Prisons Service ventures into commercial beekeeping

The Ghana Prisons Service is starting a beekeeping project to explore new ventures to support internal revenue sources.
The project is also intended to equip inmates with employable skills that will enable them to establish their own businesses upon their release from custodial sentence.

The service has subsequently begun training 20 prison officers — including eight females — as the nucleus staff of its commercial beekeeping project.

The five-day training focused on how to construct beehives, how to capture and nurse bees, as well as how to produce quality honey and other bee products.

The service has also made materials, including beehives and other protective gears, available to ensure the successful implementation of the project.

High demand

At the opening ceremony of the training programme at the Nsawam Medium Security Prison, the Deputy Director-General of Prisons in charge of Finance and Administration, Ms Josephine Fredua-Agyemang, noted that bee products were in high demand on both the domestic and international markets.

Beekeeping, she said, was an effective job creation venture due to its relatively low cost of production and high returns.

She, however, observed that the area had not been fully exploited in Ghana due to the fear associated with it.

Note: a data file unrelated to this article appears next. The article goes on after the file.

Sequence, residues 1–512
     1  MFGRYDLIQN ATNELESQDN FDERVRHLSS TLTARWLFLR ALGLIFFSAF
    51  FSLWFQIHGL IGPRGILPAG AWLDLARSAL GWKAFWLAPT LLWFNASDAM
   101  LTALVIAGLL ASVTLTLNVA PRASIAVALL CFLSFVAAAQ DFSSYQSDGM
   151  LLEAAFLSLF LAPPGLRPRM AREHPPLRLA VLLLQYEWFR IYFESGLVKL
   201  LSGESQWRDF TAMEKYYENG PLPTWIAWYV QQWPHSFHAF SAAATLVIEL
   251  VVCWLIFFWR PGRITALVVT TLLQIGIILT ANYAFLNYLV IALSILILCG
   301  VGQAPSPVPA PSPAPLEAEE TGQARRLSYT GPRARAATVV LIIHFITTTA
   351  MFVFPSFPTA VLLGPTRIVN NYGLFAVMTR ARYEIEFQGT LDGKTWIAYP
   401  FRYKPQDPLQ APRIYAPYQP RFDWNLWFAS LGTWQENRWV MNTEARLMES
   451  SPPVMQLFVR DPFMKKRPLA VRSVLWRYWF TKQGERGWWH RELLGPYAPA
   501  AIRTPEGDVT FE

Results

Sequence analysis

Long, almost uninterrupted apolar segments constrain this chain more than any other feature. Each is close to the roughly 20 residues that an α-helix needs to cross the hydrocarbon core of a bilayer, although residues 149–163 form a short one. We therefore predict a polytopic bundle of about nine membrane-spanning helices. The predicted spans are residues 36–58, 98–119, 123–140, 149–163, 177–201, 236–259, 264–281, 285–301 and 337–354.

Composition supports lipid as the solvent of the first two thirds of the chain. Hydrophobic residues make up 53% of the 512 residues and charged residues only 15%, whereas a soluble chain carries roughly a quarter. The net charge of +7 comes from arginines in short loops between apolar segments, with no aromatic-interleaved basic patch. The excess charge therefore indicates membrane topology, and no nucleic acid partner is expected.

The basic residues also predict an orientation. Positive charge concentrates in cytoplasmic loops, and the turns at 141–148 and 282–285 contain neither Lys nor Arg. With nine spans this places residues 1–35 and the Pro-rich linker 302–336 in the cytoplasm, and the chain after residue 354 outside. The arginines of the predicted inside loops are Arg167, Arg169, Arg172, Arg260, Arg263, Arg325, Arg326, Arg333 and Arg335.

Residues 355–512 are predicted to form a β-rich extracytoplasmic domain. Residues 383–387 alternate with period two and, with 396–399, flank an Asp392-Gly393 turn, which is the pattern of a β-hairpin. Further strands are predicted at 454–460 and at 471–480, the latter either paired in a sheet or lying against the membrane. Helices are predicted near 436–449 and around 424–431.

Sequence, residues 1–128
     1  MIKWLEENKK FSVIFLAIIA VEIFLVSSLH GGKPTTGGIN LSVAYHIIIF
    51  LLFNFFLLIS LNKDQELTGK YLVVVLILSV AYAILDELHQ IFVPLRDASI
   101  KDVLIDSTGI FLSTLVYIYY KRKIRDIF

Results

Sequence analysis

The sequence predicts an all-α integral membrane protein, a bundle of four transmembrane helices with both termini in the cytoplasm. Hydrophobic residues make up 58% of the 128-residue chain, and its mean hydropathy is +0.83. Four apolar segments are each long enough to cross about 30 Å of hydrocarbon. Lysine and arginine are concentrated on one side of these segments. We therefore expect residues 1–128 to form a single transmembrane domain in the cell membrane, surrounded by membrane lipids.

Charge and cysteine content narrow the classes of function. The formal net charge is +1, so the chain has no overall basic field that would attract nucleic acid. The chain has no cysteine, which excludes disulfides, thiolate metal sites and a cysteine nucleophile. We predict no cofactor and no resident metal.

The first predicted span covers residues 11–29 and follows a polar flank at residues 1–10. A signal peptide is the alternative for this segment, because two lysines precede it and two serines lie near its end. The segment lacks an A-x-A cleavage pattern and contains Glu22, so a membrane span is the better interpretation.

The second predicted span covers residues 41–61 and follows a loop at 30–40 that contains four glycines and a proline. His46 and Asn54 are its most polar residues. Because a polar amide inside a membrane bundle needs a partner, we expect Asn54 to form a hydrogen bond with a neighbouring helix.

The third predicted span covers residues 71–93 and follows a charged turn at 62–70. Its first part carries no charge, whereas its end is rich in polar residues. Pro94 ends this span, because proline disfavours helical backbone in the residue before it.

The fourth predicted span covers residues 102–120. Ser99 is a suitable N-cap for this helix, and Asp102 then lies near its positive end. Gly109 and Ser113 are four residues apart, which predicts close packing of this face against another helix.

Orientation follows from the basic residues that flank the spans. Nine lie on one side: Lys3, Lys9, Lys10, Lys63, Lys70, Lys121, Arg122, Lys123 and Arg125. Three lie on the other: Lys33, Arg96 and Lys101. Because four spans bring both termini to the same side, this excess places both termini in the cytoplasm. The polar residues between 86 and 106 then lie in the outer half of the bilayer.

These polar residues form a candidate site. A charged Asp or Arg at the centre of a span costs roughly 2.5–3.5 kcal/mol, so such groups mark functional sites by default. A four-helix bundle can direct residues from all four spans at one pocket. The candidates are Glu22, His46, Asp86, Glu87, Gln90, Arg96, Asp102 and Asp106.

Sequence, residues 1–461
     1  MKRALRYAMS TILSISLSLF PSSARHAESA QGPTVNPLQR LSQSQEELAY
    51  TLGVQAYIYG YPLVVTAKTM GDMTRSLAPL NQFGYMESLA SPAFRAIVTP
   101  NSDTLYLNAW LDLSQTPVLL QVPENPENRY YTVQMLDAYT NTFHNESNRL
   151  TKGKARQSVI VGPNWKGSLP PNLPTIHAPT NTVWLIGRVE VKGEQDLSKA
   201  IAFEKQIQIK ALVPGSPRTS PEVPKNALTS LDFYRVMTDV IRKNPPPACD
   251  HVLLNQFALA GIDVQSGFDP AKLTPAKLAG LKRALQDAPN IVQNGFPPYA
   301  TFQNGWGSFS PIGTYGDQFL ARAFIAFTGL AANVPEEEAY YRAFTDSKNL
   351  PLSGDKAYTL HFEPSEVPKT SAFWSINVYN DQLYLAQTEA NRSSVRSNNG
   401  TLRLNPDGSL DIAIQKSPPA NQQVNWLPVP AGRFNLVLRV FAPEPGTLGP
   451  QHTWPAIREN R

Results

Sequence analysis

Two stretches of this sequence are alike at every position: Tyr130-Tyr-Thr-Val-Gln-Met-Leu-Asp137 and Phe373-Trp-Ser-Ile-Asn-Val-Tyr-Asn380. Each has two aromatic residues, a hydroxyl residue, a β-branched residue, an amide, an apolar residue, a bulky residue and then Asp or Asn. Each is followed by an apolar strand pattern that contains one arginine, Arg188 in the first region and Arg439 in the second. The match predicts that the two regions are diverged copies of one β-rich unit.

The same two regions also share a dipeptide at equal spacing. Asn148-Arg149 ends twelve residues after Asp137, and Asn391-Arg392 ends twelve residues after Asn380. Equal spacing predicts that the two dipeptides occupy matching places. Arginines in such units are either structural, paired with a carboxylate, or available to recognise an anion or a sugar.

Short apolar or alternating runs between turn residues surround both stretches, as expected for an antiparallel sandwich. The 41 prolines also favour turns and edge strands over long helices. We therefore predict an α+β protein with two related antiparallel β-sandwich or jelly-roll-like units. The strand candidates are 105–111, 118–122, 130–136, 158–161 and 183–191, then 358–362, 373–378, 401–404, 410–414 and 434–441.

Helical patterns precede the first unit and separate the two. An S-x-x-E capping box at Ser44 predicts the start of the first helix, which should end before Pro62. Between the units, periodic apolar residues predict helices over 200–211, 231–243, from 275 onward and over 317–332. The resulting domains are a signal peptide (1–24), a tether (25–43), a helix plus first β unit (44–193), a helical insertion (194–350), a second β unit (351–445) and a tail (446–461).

“It is in this regard that this training programme is being organised for officers to equip them with the requisite skills and knowledge to enable them to handle the project effectively and efficiently for desired outcomes and to eliminate the fear associated with beekeeping,” Ms Fredua-Agyemang said.

She appealed to corporate organisations, government institutions, private individuals and other stakeholders for partnership in areas of agriculture to enable the service to execute its mandate.


The Director of Agriculture of the Ghana Prisons Service, Mr Hanson Adu Awuku, indicated that the importance of beekeeping and the usage of products derived from it could not be downplayed; hence, the decision to embark on the project.

He said the workshop would help build the capacity of the officers to enable them to undertake other lucrative ventures in beekeeping to generate additional income for the prison administration.

Through the project, he said, the service would, in the near future, be able to produce beeswax, lip gloss, hand creams, moisturisers, as well as cosmetics such as eye shadow, eye liner and hair pomades.

Mr Awuku said the agricultural unit of the service would package and market products developed from the project to ensure that the vision materialised.

“It is my expectation that the participants would be fully equipped after this workshop to ensure the success of this project so that it can be replicated at other prison establishments,” he said.

Source: graphiconline


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